nIf you are exposed over a long time to two air pollutants, ‘particulate matter 2.5’ and ‘nitrous oxide’, which are both commonly found in cities around the world, there is a high chance that you risk of developing dementia later in life, according to a study published in the Journal of Alzheimer’s Disease.
“This is concerning because the World Health Organisation (WHO) estimates 91 per cent of the world’s population lives in places where air quality exceeds WHO guideline limits,” Study co-author Neuroscience Research Australia’s Dr Ruth Peters said.
He added that it’s difficult for people to reduce exposure if they live where pollution levels are high.
Dementia is a neurodegenerative disease — characterized by a decline in performance and cognitive impairment in multiple domains and affects a person’s independence in doing activities of daily living.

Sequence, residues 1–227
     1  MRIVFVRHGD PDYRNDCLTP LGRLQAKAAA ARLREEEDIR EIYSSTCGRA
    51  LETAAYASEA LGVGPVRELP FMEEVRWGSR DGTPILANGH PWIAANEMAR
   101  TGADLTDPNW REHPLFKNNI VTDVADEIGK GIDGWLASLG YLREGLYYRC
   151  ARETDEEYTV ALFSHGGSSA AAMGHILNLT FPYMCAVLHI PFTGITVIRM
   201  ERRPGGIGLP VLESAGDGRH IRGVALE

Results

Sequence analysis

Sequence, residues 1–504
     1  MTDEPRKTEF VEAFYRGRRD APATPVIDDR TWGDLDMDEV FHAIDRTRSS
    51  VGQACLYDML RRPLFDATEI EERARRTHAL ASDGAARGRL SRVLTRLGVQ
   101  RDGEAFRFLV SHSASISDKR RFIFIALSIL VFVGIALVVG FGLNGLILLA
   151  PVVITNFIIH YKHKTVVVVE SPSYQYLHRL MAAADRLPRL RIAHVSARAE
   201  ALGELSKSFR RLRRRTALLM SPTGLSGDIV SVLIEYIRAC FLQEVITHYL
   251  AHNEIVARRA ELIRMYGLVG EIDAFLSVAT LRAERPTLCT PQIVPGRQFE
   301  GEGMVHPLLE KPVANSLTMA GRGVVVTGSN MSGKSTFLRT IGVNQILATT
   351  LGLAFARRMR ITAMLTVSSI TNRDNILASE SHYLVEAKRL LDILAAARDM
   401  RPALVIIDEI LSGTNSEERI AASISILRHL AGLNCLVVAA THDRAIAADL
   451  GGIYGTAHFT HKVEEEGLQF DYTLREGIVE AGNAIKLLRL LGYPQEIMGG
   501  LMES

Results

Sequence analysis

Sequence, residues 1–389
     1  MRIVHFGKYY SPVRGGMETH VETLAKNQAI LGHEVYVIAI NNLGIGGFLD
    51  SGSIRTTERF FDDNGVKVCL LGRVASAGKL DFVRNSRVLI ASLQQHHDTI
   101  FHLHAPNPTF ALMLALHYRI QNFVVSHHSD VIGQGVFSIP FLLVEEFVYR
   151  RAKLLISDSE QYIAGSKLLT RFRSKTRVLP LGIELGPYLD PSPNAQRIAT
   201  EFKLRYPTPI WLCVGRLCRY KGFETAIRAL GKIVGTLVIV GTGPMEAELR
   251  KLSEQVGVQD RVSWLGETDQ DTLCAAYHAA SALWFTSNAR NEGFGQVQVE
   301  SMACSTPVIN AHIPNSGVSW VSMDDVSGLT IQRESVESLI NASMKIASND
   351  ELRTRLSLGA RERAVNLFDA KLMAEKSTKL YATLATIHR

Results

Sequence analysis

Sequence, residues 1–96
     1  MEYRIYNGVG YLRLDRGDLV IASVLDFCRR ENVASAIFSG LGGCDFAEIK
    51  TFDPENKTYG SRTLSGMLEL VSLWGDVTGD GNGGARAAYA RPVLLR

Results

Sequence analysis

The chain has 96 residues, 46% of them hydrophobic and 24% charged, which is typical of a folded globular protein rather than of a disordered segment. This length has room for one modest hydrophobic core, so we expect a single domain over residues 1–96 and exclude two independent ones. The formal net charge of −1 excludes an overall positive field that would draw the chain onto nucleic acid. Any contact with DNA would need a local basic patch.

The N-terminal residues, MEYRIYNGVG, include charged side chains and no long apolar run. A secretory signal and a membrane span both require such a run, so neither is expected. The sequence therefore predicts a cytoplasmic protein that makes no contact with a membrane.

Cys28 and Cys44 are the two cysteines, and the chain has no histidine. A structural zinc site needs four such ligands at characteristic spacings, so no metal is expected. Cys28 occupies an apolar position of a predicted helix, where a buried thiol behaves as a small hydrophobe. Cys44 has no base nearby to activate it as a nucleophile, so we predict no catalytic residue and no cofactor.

“This research shows that government regulation that reduces our exposure to air pollution has a huge potential health and economic benefit.”’
Researchers believe air pollutants can increase inflammation in bodies and raise the risk of having a stroke, which increases the likelihood of developing dementia. Preventing dementia is a focus because it has become a growing health problem, which affects some 50 million people around the world.
The WHO estimates that nearly 10 million people each year develop the condition.
The study brought together research on people living in Canada, Sweden, Taiwan, United Kingdom and the United States.
The study is important in the context of India which is home to 15 of the 20 most polluted cities in the world with some studies indicating nearly 700 million Indians are exposed to unhealthy air.